How To: Making a Broadcast Mix – Part 2

Welcome back to part 2 of our “Making a Broadcast Mix” series. Last week I talked through my recording process. Hopefully that was helpful and gave you a few things to think about the next time you need to record. This week is all about getting your showfile setup for mixing. Whether you’re using Logic Pro, Pro Tools, Cubase, or Reaper, at some point you are bringing all the files in and getting setup. Hopefully at this point, you have a template with some bussing and FX setup but if you don’t this is when you’d get that going as well. I’d recommend always setting up at least the bussing before you import tracks so you can start saving templates without all the files muddying the waters.

Now is the time to start dropping in the tracks. If you weren’t able to label the tracks in your recording DAW make sure you drop them in the right spot. If you have some stereo tracks that were recorded as two mono tracks you can either sum them in the box or join them with the help of your DAW. If you decide to join them, make sure you disable any processing you have active and pan them accordingly to ensure you are getting what you want. Globally, I’ll usually have each group of inputs summed in a buss first. Then all of those busses (i.e. – drums, instruments, tracks, etc) sum to one “music” buss. All of the speech vocal sum to a “vocal” buss which then gets summed with the aforementioned music buss, and a third speech buss. This allows for group compression if needed and the ability to move one fader in small increments if the artist/customer would like to make global changes (like if they want just a bit extra vocal throughout). 

After that’s done you have a choice to make. You can normalize all your tracks to the same point (usually ~12dbfs) or just add or subtract gain as you need to with your workflow. Most of the time I just add or subtract gain through the use a gain plugin and manually change it when needed but I’ve started to experiment with normalizing those things I always find myself gaining up (for me it’s been the tracks inputs from Ableton). Just remember, when you gain or normalize, you are also bringing up the noise floor of that track.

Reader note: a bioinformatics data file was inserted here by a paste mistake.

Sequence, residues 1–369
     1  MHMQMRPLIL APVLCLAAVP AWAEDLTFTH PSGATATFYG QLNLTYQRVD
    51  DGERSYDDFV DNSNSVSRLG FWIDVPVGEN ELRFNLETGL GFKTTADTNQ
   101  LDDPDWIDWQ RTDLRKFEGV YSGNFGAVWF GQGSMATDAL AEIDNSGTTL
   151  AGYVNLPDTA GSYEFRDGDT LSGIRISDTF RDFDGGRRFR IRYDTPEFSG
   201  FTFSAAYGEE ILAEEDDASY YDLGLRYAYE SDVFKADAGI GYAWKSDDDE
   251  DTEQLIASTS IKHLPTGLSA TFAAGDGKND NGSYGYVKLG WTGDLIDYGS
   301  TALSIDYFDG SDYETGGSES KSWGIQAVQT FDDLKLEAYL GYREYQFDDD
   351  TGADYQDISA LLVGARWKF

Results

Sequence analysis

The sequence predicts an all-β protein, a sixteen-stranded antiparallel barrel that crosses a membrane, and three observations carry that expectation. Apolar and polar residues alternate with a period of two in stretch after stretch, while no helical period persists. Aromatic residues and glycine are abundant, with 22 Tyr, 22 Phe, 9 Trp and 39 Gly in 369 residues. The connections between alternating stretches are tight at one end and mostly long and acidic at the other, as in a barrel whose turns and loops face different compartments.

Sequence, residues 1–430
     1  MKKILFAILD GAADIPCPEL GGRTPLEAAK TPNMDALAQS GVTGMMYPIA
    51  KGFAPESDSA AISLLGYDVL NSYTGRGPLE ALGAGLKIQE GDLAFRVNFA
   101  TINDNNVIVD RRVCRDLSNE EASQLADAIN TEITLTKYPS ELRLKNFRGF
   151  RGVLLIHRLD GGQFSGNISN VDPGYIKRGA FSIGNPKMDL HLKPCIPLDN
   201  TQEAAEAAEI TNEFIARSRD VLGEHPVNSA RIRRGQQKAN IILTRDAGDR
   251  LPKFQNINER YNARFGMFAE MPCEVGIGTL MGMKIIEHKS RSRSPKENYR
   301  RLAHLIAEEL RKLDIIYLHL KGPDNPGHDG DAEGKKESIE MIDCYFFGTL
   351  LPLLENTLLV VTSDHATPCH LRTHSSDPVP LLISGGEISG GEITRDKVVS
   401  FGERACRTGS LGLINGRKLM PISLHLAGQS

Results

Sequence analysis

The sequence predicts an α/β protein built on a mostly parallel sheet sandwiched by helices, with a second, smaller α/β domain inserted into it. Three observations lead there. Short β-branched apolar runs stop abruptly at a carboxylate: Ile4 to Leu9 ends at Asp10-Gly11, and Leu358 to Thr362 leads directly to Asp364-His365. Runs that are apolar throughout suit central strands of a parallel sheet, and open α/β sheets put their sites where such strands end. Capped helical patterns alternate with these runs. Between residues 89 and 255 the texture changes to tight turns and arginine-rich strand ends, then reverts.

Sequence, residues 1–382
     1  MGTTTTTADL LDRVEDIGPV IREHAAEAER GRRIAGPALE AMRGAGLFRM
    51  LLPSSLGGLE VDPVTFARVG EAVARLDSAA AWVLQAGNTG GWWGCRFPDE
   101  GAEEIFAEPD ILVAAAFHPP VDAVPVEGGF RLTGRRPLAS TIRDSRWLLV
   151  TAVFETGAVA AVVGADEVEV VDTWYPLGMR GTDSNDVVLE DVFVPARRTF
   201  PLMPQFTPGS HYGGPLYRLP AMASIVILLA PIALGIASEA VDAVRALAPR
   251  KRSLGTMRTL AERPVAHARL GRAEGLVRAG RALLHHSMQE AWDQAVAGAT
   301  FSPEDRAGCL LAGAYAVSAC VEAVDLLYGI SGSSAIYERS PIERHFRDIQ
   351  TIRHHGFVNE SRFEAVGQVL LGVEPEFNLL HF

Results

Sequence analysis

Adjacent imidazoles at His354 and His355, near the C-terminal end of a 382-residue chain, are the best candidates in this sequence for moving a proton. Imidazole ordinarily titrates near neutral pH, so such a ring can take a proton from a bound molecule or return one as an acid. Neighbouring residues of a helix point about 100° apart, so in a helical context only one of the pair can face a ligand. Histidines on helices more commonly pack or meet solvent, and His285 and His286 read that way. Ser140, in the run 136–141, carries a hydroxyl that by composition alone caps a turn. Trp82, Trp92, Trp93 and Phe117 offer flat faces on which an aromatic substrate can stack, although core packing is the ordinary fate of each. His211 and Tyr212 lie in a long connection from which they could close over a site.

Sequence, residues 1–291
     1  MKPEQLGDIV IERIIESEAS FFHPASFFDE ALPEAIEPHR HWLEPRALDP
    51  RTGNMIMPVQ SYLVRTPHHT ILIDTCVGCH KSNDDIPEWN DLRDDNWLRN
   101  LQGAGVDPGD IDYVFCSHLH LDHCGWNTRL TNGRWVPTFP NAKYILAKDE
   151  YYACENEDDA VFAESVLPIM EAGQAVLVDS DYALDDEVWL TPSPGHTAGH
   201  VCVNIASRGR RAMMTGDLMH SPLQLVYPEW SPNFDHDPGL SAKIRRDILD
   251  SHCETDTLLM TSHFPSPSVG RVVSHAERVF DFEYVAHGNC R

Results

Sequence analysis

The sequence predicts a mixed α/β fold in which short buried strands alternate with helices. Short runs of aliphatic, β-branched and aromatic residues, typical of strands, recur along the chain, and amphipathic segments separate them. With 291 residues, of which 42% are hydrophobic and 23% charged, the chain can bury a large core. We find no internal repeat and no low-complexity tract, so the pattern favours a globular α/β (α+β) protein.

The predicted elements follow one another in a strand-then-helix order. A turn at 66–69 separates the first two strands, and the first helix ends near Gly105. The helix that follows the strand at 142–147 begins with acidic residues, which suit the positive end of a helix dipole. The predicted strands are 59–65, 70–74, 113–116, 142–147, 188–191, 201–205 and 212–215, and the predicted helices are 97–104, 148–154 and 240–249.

This next step is important, though it isn’t very fun to complete. You really need to set markers for your recording. Not only will this help you navigate quickly as you mix things but it will also be helpful for anyone who opens up your files down the road. I am usually doing one file now for multiple songs as well as speaking portions so I insert markers for the beginning of the section and the end. I also try and use this time to get familiar with the tracks in their “untouched” state and make notes if I need to. I’m only present for the recording every other week right now and so this has been a great time to hear things raw so I have a frame of reference when I get to work. Initially I would also use these markers to help expedite the editing process (cutting out dead space) I don’t do this anymore as I’ve gotten more and more into fader automation. If the fader is all the way down that’s the same thing so you can save yourself a bit of time if you’d like here. 

Well that’s it for this week. Next week we will go over what’s next, the processing! Probably my favorite phase as I get to get out the toolbox (powered by Waves) and get everything cleaned up and dialed in before the real magic happens. We will go over everything from EQ to dynamics so be sure to keep an eye out for that post. If you want to receive an email with a link as soon as it’s live, sign up at this link to subscribe! As always, if you have any questions or thoughts, please don’t hesitate to comment below or on Facebook. I love hearing from you guys and reach back whenever I can! See you all on the flipside!

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